Shamai: Yes. He said that's an effective amount. So I thought, "Great," and I did it. Then afterward, I looked around and saw that people were selling capsules with 500 mg or 750 mg. Its closest competitor has 2500 mg. So suddenly I thought, "Wow, I really did it right," although I know a triathlete who takes 15,000 mg a day.

Mike: Okay, now that's a lot of maca. I thought this was a lot, but that's more.

Shamai: But he's a triathlete, right? So he needs more.

Mike: Sure. He burns 6,000 calories a day or more.

Shamai: There you go -- three times the amount of the normal diet. He takes three times the amount.

Mike: Great. Now, let's talk about the bars as well. You have hemp and flax bars. First, I have to ask you -- what about distribution? Where can people find these products right now in their local communities?

Shamai: In health food stores. If they don't see them, they can ask for them. They are in general distribution to health food stores in the Western United States. In the East it's a little bit harder, although they can certainly get them. There is distribution to health food stores in the East. But in the West, they're readily available through the mainstream health food distributors.

Mike: For those who can't find them locally, can they go to your website?

Shamai: They can. And I supply from the website as well. Of course, I try to not undermine the retailers and the distributors. So I prefer that. But I love it when people order on the internet. So feel free.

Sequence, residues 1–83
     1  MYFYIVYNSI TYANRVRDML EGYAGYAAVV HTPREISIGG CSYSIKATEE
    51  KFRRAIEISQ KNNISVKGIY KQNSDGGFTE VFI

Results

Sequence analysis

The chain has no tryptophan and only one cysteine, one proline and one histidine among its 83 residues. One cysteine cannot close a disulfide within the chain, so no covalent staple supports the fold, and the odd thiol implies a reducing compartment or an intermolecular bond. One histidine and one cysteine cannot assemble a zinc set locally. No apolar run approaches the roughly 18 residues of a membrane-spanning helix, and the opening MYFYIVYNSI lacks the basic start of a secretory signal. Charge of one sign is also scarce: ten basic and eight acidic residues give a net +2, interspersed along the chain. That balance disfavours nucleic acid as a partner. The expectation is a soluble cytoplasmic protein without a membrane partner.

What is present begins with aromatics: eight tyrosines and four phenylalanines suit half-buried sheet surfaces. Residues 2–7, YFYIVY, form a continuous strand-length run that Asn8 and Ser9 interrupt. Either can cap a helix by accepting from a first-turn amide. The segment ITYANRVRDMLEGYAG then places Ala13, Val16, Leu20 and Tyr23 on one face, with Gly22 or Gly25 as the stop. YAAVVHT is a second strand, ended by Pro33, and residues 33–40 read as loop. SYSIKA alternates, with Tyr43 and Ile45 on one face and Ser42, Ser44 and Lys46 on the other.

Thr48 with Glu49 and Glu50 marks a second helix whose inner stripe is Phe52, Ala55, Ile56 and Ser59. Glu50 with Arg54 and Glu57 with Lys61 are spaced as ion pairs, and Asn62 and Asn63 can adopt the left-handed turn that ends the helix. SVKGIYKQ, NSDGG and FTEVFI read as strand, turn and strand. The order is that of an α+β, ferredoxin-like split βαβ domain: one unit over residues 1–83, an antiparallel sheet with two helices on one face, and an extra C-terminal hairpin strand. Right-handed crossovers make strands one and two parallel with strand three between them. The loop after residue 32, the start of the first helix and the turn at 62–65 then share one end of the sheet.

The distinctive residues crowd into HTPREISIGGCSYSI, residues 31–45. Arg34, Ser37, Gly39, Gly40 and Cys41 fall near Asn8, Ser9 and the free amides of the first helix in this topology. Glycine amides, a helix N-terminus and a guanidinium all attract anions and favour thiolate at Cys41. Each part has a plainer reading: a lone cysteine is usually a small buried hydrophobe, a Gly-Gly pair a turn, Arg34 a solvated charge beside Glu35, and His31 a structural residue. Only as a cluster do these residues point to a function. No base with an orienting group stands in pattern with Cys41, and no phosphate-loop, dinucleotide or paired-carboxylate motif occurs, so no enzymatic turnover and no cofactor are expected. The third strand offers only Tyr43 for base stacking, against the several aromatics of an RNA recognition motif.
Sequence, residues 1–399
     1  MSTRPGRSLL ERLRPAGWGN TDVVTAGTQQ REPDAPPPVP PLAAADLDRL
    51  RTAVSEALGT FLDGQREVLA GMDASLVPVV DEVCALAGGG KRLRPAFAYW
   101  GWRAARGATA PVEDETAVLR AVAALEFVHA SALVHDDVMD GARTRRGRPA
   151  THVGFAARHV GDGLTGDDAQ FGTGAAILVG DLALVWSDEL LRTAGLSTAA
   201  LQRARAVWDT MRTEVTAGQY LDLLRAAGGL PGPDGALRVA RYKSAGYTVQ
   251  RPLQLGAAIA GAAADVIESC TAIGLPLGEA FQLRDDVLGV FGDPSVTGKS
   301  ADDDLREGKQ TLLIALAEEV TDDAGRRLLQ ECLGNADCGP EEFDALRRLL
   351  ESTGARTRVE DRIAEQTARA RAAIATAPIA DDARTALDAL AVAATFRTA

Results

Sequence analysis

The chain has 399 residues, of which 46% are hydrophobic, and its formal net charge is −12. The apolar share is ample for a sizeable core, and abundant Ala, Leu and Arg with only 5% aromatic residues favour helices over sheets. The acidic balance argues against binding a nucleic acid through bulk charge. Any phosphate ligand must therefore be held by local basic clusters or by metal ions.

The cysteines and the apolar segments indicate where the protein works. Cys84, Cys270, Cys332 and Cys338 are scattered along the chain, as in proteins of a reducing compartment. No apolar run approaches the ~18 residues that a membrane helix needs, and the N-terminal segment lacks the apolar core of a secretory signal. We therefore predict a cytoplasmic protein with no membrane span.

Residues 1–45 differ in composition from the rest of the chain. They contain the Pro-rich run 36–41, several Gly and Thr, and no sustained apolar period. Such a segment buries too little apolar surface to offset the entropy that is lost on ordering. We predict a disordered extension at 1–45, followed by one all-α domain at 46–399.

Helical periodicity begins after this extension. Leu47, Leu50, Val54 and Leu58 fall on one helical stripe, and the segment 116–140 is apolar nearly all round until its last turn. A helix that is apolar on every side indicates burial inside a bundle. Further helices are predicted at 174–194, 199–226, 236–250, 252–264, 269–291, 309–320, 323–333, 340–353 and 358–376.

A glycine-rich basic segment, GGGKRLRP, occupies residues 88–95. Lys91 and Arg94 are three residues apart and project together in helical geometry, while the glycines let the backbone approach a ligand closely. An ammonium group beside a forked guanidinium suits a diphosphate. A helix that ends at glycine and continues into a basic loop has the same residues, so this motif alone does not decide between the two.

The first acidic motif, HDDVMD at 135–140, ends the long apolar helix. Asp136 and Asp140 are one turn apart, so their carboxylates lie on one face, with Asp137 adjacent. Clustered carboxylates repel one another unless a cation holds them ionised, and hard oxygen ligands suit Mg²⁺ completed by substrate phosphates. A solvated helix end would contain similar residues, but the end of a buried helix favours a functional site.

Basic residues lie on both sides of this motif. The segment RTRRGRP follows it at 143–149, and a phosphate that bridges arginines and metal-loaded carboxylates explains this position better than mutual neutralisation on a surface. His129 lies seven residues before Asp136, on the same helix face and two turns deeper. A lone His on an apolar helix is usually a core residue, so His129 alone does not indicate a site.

Mike: What about outside the United States?

Shamai: Well, in Canada it's all over. I'm a Canadian.

Mike: U.K. and Australia?

Shamai: I haven't exported to those countries yet. I do get the occasional order from there, and I do accept those orders. But in general, I haven't exported. At this show, I have met a few UK distributors who are interested.

Mike: Good. There's so much of a thirst for knowledge in the U.K. for nutritional information. We have so many readers in Europe, Australia, New Zealand and even Southeast Asia and South America. And of course, Canada. So people can order these internationally if they're willing to pay shipping?

Shamai: Exactly.

Mike: You have a variety of hemp and flax bars. I see various flavors. Can you tell me what's not in these bars? The ingredients that people want to avoid, such as hydrogenated oils? What do you leave out?

Shamai: The entire line is free of genetically modified ingredients. I always leave out genetically modified ingredients. In some cases, that can be a little tricky, such as for the chocolate raspberry bar. Those bars are not organic, and that's a price point decision. I wanted to make the hemp more accessible to people, and they are more accessible at a lower price point; therefore, they're not organic. But the chocolate raspberry bar has organic chocolate, because normal chocolate contains lecithin, which is from soy. Soy is generally GMO, right? I want to avoid that, so I buy the organic chocolate for those, even though it's a non-organic blend, to ensure that there is no genetically modified lecithin used in my bar. So that's one principle. There are also no hydrogenated or trans fats and no refined sugar. They're held together either with honey, rice syrup or agave syrup.